Although it’s been nearly a quarter-century since the sitcom “Seinfeld” ceased producing new programs, reruns continue to entertain the show’s legion of fans – and its creator and namesake, Jerry Seinfeld, still grabs headlines, and even when he’d probably rather be left alone.
Now 68, Jerry Seinfeld was photographed just before Christmas with his wife, Jessica, at Gourveneur Beach in St. Barts in the Caribbean. They were reportedly there to celebrate their wedding anniversary. Married for 23 years this past Christmas Day, the couple have three children: Sascha, 22, Julian, 19, and Shepard, 17.
Once praised for his two plus decade union, Seinfeld responded like he often does – by joking, though the best jesting usually contains an element of truth.
“Well, I’m not in Hollywood, I’m in New York, so I have a little advantage there,” he said. “I always thought that L.A. was very bad for marriage. I think you need good — four seasons is good marriage weather. When it’s sunny and warm all the time, that’s not good for long relationships, you know? ‘Cause it makes you want to venture out. It’s nice out. In New York, you just want to stay home in the winter.”
Born into a Jewish family, and known to lean left at times on key social issues, Jerry Seinfeld is certainly not a spokesperson for the issues which Christian conservatives traditionally hold deep convictions.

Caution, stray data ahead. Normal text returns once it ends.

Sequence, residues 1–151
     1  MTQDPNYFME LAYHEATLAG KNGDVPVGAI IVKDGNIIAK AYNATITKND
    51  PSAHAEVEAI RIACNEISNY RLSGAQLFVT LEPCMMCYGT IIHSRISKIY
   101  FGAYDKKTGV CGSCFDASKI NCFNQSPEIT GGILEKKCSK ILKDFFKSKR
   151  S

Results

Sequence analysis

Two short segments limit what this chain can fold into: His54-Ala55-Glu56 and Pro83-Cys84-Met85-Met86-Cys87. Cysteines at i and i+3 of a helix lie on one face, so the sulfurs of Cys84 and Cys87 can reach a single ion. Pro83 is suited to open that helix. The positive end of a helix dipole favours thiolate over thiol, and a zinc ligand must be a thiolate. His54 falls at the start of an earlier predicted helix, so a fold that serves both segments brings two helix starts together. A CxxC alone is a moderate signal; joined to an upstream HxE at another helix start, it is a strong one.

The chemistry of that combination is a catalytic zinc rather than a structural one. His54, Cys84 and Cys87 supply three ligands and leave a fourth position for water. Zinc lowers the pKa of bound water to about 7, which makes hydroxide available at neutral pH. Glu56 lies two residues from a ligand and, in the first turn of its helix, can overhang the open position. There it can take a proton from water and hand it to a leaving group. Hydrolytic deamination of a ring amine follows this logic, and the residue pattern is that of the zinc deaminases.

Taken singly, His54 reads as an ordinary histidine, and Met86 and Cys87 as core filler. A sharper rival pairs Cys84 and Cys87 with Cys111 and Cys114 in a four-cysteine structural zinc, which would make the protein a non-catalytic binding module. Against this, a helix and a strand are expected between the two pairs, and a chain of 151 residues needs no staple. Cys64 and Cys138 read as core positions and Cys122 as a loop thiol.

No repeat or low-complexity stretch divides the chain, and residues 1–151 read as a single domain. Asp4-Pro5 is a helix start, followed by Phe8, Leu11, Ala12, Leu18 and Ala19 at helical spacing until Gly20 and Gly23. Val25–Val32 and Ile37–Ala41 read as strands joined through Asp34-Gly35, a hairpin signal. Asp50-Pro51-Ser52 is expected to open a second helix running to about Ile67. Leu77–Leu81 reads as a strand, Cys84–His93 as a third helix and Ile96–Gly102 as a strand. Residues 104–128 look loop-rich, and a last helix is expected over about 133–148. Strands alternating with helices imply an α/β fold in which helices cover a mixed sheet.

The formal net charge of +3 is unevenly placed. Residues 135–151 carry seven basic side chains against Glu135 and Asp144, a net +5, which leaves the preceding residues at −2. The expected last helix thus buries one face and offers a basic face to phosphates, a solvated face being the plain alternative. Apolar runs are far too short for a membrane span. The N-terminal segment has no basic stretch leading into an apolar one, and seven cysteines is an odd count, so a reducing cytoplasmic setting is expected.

Yet a recent article on Fox quoted the Long Island-born comedian advocating strongly for marital monogamy.
“My personal viewpoint is this,” he once said. “The problem with humans is our heads are just way too big. I don’t have any friends who aren’t faithful to their wives, but if I did, my main question would be, ‘Who’s got time to figure all that out?’ It’s just too much work.”
“The emotions that have to be disposed of, the values, the ethics. All I see is this gigantic amount of work for a fleeting pleasure. People should get married because they have finally seen the folly of being single: ‘Oh, this is all just kind of a bad magic trick. I just keep bending over to reach for this wallet on a string. How much longer am I gonna do that?'”
Of course, our motivation for marital fidelity goes well beyond matters of personal convenience. First and foremost, we’re called to be faithful to our spouse because the Bible commands it (Exodus 20:14, Hebrews 13:4). But we’re also sexually exclusive because we’ve vowed to be so – and because infidelity not only destroys trust, but also shatters entire families.
“The monstrosity of sexual intercourse outside marriage is that those who indulge in it are trying to isolate one kind of union (the sexual) from all the other kinds of union which were intended to go along with it and make up the total union,” once wrote C.S. Lewis.
Jerry Seinfeld’s likening the allure of extramarital affairs to a wallet on a string that’s always just out of reach is absolutely correct. Given his reputation and good standing in the entertainment world, he could do a lot of his Hollywood friends and fans a huge favor and help them avoid future heartache by trumpeting that truth.
Extramarital affairs aren’t just the temptations of the cultural elites. Here at Focus on the Family, we regularly hear from couples embroiled in the throes of adultery. Every married couple is vulnerable because we’re all fallen and sinful people. Regret and resentment are always part of the ordeal. If you or a loved one find yourself in such a situation or seaso, please don’t hesitate to give us a call or reach out to us via email. There is help and hope just a click or phone call away.